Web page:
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Galileo’s defense of the application of geometry to physics in theDialogue

Authors
Journal
Studies in History and Philosophy of Science Part A
0039-3681
Publisher
Elsevier
Volume
44
Issue
2
Identifiers
DOI: 10.1016/j.shpsa.2013.02.001
Keywords
  • Galileo
  • Application
  • Mathematics
  • Physics
  • Idealization
  • Approximation
Disciplines
  • Mathematics

Abstract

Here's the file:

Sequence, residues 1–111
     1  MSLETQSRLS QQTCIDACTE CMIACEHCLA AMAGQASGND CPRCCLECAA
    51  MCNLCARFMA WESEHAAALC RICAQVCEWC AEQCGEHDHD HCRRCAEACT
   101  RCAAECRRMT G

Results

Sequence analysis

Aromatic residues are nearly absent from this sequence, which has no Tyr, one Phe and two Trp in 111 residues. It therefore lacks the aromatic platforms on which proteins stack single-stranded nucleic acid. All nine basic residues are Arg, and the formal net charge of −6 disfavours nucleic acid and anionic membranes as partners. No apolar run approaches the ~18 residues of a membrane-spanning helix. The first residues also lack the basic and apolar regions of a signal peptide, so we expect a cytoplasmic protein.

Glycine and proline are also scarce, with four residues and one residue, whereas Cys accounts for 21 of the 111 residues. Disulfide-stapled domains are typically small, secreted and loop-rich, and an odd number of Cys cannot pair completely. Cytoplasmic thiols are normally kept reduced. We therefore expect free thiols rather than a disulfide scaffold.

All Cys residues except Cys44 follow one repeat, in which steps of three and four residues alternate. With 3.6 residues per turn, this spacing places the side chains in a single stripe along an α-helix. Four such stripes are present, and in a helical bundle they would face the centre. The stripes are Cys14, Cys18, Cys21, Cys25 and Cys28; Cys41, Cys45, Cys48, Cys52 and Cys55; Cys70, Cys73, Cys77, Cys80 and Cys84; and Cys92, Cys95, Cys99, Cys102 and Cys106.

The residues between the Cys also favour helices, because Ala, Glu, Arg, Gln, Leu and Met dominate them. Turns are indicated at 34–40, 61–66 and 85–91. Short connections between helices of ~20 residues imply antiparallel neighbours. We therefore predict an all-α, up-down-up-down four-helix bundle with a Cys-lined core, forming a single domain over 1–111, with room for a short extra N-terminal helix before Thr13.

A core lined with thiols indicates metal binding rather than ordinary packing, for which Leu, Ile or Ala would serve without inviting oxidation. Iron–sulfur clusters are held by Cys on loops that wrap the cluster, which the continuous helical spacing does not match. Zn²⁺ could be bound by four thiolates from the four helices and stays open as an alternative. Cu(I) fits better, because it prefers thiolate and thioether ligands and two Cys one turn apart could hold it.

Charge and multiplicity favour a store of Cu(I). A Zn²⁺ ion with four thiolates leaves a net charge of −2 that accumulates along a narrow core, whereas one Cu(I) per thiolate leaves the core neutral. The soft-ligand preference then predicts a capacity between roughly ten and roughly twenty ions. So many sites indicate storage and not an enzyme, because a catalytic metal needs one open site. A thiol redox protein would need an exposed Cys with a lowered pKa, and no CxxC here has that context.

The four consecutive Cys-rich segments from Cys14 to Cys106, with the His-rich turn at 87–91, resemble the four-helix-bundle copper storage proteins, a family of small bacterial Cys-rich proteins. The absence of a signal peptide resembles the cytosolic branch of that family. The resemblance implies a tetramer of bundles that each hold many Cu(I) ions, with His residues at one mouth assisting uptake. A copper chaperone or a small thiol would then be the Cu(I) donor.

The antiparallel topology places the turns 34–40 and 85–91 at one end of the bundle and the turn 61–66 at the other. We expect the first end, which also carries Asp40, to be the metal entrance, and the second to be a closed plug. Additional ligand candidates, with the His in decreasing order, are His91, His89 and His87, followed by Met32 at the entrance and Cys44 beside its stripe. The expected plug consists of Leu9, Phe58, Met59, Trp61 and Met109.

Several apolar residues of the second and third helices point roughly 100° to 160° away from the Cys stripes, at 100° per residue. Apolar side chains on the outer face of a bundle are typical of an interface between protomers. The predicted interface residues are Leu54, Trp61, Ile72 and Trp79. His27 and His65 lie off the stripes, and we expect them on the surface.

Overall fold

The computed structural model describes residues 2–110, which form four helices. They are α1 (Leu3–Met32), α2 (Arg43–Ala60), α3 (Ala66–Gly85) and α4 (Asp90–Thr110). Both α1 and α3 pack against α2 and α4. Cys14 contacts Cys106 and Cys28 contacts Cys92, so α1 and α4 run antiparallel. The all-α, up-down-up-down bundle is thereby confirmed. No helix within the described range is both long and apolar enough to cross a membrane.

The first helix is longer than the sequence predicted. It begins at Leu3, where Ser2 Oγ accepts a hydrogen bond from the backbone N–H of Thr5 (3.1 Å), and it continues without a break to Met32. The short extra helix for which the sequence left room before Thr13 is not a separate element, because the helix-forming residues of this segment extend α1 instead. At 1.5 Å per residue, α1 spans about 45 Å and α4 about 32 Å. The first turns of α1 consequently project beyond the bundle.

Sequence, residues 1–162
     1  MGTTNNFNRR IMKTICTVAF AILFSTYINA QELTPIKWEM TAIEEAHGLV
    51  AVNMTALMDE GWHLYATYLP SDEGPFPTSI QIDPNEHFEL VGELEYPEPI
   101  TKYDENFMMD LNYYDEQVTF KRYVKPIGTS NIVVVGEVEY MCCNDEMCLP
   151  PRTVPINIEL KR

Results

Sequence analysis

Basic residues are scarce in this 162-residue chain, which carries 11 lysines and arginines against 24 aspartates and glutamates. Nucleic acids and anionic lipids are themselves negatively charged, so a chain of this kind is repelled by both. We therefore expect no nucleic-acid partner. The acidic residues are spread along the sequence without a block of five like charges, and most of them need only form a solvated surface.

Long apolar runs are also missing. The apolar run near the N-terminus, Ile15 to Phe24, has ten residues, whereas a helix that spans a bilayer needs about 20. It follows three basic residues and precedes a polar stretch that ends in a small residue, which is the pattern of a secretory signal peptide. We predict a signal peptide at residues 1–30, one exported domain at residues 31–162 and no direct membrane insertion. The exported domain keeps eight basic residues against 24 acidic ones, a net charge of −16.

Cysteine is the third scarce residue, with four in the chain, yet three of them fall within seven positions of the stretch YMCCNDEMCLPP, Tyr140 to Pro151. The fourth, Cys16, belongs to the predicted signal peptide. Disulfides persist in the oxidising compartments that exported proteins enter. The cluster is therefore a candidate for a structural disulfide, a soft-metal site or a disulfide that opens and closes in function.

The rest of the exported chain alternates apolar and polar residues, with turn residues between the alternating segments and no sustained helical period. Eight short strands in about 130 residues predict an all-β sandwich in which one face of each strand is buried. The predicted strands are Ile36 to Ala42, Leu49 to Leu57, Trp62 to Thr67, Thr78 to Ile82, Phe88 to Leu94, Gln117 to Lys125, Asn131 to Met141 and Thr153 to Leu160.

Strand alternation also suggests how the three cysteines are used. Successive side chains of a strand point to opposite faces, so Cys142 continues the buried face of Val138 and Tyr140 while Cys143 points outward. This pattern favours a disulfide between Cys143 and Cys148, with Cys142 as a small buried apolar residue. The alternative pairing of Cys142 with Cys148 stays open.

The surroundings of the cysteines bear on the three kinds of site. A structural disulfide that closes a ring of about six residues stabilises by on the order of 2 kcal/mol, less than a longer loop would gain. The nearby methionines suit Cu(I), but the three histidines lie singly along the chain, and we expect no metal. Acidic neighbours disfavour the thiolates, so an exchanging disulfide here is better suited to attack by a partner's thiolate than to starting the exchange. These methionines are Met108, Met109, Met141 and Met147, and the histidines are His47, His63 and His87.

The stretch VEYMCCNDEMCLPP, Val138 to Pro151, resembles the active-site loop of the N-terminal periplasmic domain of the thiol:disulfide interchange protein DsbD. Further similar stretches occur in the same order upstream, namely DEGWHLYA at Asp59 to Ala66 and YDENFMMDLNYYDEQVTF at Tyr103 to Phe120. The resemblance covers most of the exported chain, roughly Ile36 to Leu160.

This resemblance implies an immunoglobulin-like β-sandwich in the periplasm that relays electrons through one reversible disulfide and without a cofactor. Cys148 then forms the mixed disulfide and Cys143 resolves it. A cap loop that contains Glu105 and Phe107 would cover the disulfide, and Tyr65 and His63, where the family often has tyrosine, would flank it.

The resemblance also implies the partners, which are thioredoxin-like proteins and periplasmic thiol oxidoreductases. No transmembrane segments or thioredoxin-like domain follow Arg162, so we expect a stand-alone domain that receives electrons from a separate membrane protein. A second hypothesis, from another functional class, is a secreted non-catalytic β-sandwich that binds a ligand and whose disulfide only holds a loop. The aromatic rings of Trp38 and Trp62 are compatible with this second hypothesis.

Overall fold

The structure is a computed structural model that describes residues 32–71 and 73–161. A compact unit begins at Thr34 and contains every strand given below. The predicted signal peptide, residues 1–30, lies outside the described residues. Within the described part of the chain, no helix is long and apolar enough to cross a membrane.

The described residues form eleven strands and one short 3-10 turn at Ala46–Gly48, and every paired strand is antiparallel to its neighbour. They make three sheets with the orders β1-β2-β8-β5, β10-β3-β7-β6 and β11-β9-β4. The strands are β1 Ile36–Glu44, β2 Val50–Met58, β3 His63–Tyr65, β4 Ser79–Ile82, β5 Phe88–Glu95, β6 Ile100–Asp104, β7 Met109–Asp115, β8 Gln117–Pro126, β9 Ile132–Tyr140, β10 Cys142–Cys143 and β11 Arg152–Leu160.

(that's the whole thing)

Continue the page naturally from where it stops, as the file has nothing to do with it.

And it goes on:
Abstract Alessandro Piccolomini and several other prominent 16th-century Aristotelians claimed that while a sphere touches a plane at a point in geometry, a material sphere touches a plane not at a point but over a small surface. These thinkers thereby called into question the reliability of geometric reasoning in physics. In this article I provide a detailed analysis of Galileo’s reply to such worries about geometry in the Second Day of his Dialogue Concerning the Two Chief World Systems. Because his infamous extrusion argument relies on the premise that a sphere touches a plane at a point, Galileo takes the opportunity to defend the argument and to attack geometry’s critics. According to the account I propose, Galileo argues for the applicability of geometry to physics by defending the legitimacy of geometric approximations and by advocating an expansive notion of geometric curve.

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